Researchers have suggested that Covid-19 could cause lung damage detectable more than three months after the initial infection, even in patients who have not been seriously ill or admitted to hospital. Though the study of ten patients by Oxford University is small, it suggests that so-called ‘long COVID’ could be caused by microscopic lung damage not visible to conventional scans.
The study used a novel scanning technique using xenon, an inert gas, to to fill the lungs during MRI scanning. The images resulting show a level of damage finer than conventional scans can detect.
The work, led by Professor Fergus Gleeson, studied 10 patients aged between 19 and 69, eight of whom suffered from persistent shortness of breath and tiredness three months after being ill with coronavirus, though none of them had been required ventilation or been admitted to Intensive Care. Conventional scans had found no problems with their lungs, but the xenon technique showed signs of lung damage by highlighting areas where oxygen was not flowing easily into the blood.
Professor Gleeson’s team is now planning a trial with up to 100 patients to see if the same results are shown even where there has been no hospital admission or signs of such serious symptoms. Part of the aim of the study is to determine whether the lung damage is temporary or permanent.
He said: “I was expecting some form of lung damage, but not to the degree that we have seen.”
Though it’s known that the risk of severe illness and death from COVID-19 increases with age, and markedly for the over 60s, Professor Gleeson wants to find out whether this form of lung damage occurs across all age groups, and in people who have not had symptoms serious enough to require hospital admission. “It would move the goalposts,” says Professor Gleeson.
The scanning technique was developed by a research group at the University of Sheffield led by Prof James Wild who said: “In other fibrotic lung diseases we have shown the methods to be very sensitive to this impairment and we hope the work can help understand Covid-19 lung disease.”
Government figures now show that there have been more than 1.6 million confirmed cases of coronavirus in the UK and nearly 60,000 deaths. However, these figures include only people who have died within 28 days of testing positive for coronavirus, and other figures suggest that the number of deaths is higher.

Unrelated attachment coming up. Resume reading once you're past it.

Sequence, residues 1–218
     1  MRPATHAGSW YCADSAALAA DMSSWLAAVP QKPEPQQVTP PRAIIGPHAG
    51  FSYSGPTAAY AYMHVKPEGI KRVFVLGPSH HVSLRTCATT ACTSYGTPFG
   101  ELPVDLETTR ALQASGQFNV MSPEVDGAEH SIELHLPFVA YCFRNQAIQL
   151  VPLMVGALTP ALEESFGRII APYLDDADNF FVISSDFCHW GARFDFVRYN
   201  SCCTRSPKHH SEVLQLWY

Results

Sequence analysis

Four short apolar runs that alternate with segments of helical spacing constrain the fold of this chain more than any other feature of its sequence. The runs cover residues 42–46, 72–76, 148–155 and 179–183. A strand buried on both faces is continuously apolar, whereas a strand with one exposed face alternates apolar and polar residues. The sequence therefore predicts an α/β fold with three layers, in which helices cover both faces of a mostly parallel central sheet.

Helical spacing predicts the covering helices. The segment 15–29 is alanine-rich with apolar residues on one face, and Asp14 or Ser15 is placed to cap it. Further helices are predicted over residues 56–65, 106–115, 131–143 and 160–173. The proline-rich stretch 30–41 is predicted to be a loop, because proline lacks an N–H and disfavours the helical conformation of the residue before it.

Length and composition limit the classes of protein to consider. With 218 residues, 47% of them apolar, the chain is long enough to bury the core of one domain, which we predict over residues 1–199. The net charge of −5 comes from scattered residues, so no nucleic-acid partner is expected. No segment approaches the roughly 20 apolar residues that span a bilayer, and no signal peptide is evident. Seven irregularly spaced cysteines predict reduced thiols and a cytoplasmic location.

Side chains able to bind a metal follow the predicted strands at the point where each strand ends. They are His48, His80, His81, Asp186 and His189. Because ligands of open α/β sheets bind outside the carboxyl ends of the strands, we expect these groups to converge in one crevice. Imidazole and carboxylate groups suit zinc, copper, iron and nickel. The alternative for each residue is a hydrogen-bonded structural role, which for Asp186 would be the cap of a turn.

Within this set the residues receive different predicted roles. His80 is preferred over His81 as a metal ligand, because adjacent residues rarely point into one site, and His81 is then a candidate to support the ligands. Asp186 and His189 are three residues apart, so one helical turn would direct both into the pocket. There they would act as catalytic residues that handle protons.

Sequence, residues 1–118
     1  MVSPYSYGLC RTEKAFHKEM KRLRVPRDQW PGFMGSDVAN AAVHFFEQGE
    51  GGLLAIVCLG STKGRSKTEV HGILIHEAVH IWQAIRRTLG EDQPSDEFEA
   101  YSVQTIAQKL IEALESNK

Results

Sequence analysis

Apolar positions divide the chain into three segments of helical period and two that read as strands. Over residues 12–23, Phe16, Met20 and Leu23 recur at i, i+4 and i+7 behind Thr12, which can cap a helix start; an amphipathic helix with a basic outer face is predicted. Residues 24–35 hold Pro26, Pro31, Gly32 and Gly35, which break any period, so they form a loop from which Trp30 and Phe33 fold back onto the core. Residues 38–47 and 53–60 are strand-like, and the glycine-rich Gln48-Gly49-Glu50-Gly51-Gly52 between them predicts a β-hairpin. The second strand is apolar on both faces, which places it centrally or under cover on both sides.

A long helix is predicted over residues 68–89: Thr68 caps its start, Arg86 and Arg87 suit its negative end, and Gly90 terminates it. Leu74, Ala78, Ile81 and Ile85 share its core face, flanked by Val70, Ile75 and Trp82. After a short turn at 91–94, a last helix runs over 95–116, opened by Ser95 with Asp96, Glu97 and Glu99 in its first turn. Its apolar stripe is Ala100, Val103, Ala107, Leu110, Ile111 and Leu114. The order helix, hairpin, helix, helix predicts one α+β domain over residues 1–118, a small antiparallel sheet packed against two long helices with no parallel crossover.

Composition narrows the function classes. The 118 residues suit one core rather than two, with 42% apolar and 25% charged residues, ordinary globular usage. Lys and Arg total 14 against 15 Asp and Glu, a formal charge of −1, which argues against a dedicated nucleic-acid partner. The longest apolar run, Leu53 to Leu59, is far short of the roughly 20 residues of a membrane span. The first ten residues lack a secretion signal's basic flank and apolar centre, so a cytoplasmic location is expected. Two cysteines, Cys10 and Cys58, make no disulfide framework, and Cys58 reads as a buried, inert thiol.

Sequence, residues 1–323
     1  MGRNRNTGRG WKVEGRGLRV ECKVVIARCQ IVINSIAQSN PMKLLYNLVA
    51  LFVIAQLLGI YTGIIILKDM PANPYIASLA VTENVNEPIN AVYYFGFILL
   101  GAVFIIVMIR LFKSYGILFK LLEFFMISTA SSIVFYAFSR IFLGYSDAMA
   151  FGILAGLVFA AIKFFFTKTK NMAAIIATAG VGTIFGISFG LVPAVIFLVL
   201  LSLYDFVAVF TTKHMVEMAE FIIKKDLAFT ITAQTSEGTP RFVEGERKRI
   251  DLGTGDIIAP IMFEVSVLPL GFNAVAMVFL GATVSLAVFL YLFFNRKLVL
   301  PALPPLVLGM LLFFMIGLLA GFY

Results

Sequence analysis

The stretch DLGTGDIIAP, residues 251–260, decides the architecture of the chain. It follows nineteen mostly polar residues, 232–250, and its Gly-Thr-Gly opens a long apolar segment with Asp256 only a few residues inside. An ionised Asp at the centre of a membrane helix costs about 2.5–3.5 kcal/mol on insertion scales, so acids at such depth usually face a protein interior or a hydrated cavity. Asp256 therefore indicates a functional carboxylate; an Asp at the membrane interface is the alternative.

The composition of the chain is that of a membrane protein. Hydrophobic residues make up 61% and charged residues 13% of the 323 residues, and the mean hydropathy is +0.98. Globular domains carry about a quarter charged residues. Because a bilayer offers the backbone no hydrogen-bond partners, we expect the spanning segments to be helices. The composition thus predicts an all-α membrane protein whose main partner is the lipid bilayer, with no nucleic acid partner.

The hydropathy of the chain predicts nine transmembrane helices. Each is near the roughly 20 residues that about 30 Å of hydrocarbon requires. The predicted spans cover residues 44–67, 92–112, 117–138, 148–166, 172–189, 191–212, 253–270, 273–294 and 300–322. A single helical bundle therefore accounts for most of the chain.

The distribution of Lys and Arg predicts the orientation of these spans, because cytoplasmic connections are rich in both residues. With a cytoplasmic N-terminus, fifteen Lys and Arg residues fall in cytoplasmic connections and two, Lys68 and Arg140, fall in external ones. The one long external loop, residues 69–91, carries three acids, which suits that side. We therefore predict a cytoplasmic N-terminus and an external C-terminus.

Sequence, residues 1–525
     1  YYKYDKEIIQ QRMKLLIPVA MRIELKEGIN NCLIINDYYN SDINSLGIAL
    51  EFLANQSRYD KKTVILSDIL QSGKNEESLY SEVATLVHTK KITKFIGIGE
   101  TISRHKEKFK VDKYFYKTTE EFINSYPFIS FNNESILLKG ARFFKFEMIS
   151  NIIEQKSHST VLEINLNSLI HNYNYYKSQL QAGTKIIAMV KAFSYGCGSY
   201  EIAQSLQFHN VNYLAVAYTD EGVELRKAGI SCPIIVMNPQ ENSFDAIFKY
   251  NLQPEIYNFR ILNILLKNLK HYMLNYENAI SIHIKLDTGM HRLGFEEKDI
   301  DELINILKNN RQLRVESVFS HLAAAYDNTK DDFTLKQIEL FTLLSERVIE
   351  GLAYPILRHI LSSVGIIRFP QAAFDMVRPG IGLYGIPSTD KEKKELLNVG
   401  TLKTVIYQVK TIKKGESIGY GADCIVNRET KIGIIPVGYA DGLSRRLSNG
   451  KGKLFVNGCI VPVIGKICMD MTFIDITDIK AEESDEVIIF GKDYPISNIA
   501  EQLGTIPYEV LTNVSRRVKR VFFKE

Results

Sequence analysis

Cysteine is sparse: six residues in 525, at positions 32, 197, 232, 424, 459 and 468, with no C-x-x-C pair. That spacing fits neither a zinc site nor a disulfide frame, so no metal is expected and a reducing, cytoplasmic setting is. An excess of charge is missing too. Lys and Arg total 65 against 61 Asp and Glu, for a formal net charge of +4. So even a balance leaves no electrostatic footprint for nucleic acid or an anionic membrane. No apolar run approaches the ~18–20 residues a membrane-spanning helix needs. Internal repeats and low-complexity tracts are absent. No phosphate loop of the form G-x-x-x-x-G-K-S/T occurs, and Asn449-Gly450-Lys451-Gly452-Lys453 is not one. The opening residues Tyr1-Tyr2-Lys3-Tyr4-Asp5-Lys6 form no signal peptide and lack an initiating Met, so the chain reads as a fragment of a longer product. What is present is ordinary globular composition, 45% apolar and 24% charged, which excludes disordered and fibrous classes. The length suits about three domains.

Reported cases of coronavirus peaked in April 2020 and started rising again in July. Rates of growth increased sharply in September and October, before falling again towards the end of November as the effects of the second national lockdown kicked in. However, on Monday 30th November the government announced a further 12,330 confirmed cases, and it’s now thought that the infection rate in Spring may have been higher than reported, but at the time there was not the testing capacity to report it accurately.
The REACT-1 study by Imperial College London based on tests of more than 100,000 people between 13-24 November suggests that coronavirus infections in England have fallen by about a third during the second lockdown, but despite improvements in the worst-hit areas, overall levels have remained relatively high.
The latest figures from the Office for National Statistics (ONS), suggest that about one in 185 (16,400 people) in Wales had the virus in the week ending 21 November, while in Northern Ireland rates appear to be decreasing to around one in 145 people (about 12,700 people), and in Scotland, the figure was one in 115 (about 45,700 people).
But the average number of daily deaths began to rise again in September, with a further 205 deaths, 189 in England, 10 in Northern Ireland, three in Scotland and three in Wales.
These figures reflect amended data which includes deaths in the coronavirus total only if they occurred within 28 days of a positive test, rather than all deaths after a positive test being were included. If all deaths where coronavirus was mentioned on the death certificate, even if the person had not been tested for the virus are included, the most recent figures suggest there had been more than 66,000 deaths by 13th November.
Another measure counts all deaths over and above the national average at this time of year, and that figure reached more than 73,000 by 13th November.
Rates of hospital admissions have decreased, with the North West, North East and Yorkshire, and Midlands showing the highest number but the situation in all three now improving.
The ‘R’ number, the reproduction number or average number of people infected by another person with coronavirus, is now estimated at 0.9 to 1, representing a very small decrease in the rate infections. The estimate for England is 0.9 to 1, Scotland is 0.8 to 1, Wales is 0.8 to 1 and Northern Ireland is 0.9 to 1.1. But the government says that ‘Given the increasingly localised approach to managing the epidemic, particularly between nations, UK level estimates are less meaningful than previously.’
The government has said in the past that the R number is one of the most important factors in making policy decisions, and with the devolved governments it is currently debating new measures to impose tiers of lockdown on different areas in the UK.
Read here for more details of the Oxford University Xenon MRI research suggesting that Covid-19 could cause lung damage detectable more than three months after the initial infection, so-called ‘long COVID’ could be caused by microscopic lung damage not visible to conventional scans.